A 2,000-mile drive in one weekend to see one pitcher throw one inning was Hugh Buchanan’s reality as an Atlanta Braves scout.

“Scouting was good for me,” Buchanan said. “I’m not sure how good it was for the Braves, but it was good for me.”

Buchanan coached baseball at Parkview High School for 29 seasons. He had a 546-245 record, won 12 region championships and three state titles before joining the Braves organization. Parkview’s baseball field is now named in his honor, and Buchanan was inducted into the Gwinnett Sports Hall of Fame in 2014.

After leaving Parkview, Buchanan found himself in a similar situation as the players he would soon evaluate. He, too, was still yearning for more baseball. Now, Buchanan will step away from the game altogether.

“I had a lot of friends in the scouting industry,” Buchanan said. “I didn’t have intentions of a second career, but it kind of just evolved into that.”

Buchanan took a part-time job with the Philadelphia Phillies until his Braves organization connections provided him with an opportunity.

He spent his time watching high school and college players who desired a chance at the professional league. Scouts, such as Buchanan, assess players’ abilities and talents and pass information on to an organization. He said he began working with about 18-25 other Braves scouts that covered the whole country. Buchanan’s scouting area included Tennessee, Alabama and part of Florida.

“It’s really pretty simple,” Buchanan said. “I got paid for my opinion, really, and you hope your opinion is more right than it is wrong.”

Buchanan said scouts watch for five tools: hitting with power, running, arm strength, catching and good defense. He also had to form opinions on pitching aspects such as the ability to command strike zones to throwing at certain velocities. The process has changed over time, and analytics have opened up new avenues for evaluation to judge players’ ability to perform at the major league level.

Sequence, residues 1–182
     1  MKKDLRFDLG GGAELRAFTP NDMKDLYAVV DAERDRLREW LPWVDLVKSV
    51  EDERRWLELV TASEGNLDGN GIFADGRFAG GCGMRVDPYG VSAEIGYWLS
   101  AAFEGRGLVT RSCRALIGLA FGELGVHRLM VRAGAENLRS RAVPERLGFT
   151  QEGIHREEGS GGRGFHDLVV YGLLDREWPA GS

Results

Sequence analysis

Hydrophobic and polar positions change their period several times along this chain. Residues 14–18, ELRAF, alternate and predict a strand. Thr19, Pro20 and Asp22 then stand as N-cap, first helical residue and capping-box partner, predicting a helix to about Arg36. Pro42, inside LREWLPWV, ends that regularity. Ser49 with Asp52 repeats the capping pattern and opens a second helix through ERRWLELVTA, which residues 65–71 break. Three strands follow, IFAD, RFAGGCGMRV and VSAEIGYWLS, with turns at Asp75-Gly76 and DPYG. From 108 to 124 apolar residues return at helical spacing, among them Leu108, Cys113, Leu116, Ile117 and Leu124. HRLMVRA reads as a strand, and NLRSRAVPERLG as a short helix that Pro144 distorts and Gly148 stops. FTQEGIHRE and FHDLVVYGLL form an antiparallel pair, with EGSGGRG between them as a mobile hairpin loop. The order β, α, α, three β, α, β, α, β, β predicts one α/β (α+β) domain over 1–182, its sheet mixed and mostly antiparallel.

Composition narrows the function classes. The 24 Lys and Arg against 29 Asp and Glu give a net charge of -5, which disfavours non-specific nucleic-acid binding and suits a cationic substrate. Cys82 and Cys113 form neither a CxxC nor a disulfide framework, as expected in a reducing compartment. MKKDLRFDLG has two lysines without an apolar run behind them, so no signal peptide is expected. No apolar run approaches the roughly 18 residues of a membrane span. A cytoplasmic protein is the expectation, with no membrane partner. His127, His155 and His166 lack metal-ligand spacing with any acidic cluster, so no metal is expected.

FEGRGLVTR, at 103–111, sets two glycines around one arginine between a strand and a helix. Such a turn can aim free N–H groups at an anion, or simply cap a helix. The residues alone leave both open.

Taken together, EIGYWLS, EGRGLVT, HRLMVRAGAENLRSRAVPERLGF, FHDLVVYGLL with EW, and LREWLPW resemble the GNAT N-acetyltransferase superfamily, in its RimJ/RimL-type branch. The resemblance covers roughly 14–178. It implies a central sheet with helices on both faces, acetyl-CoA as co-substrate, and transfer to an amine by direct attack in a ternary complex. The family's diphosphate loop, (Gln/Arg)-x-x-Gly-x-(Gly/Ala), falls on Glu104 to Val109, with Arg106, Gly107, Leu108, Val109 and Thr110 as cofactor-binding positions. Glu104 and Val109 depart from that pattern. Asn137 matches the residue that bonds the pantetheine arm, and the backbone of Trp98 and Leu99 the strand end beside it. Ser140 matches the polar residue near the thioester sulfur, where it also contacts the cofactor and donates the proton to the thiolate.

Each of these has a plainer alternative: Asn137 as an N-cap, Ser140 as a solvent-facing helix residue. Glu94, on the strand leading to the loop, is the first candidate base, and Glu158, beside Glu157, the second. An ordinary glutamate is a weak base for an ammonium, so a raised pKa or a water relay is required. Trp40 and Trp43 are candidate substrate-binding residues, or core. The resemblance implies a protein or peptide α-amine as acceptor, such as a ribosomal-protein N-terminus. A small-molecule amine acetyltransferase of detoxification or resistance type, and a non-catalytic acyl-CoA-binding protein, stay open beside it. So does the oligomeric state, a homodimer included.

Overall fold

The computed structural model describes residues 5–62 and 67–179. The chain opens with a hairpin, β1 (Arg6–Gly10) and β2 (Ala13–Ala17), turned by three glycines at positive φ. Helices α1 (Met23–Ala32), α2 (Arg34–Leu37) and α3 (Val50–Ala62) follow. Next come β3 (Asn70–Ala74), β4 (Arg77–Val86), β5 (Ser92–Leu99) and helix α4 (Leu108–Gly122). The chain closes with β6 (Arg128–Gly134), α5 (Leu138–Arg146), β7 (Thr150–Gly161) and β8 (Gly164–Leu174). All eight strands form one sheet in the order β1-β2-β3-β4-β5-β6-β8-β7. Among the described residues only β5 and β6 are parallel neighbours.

He said organizations’ wants and needs vary. Some may look for pitchers that are a certain height or above, some may look for very athletic players and some may look for specific skills for a position.

“There are many different philosophies and it differs from organization to organization,” Buchanan said. “You have to know the people that you’re working for and exactly what they’re looking for.”

Buchanan also discussed evaluating intangible qualities such as mental toughness, intelligence and work ethic. Sometimes Buchanan would follow a certain player for two to three years. He described how the deeper scouts go into the process with a player, the more they pay attention to the intangibles in addition to physical skills.

“Once you know a guy has a skillset, then it’s about seeing the guy when he has his bad days and how he responds,” Buchanan said. ”Some people hit that bump in the road and it destroys them. Some become stronger.”

Although Buchanan’s role entailed intriguing aspects, he said his favorite part was simply being at the ballpark.

Buchanan said that outsiders can perceive that scouts are only competitive with one another. In reality, he values the relationships that developed and the networks that he built with other scouts and players.

“You develop your own family within the scouting industry and you look out for each other,” Buchanan said. “You’re not helping each other scout, you’re just helping each other live, you know?”

Buchanan now will retire from a position that showed him a different side to baseball, a new way of looking at the sport and how to build a professional team.

“It surprised me how much I really had to learn about this game,” Buchanan said.

He aimed to work through the 2020 season before his retirement, but impacts of COVID-19 led him to move up his departure.

After traveling to watch countless players at ballparks, Buchanan said he’s looking forward to having time to just watch the birds and squirrels from his porch.

“Baseball is just one part of life,” Buchanan said. “Now, I’m going to get on out there and start doing other things.”

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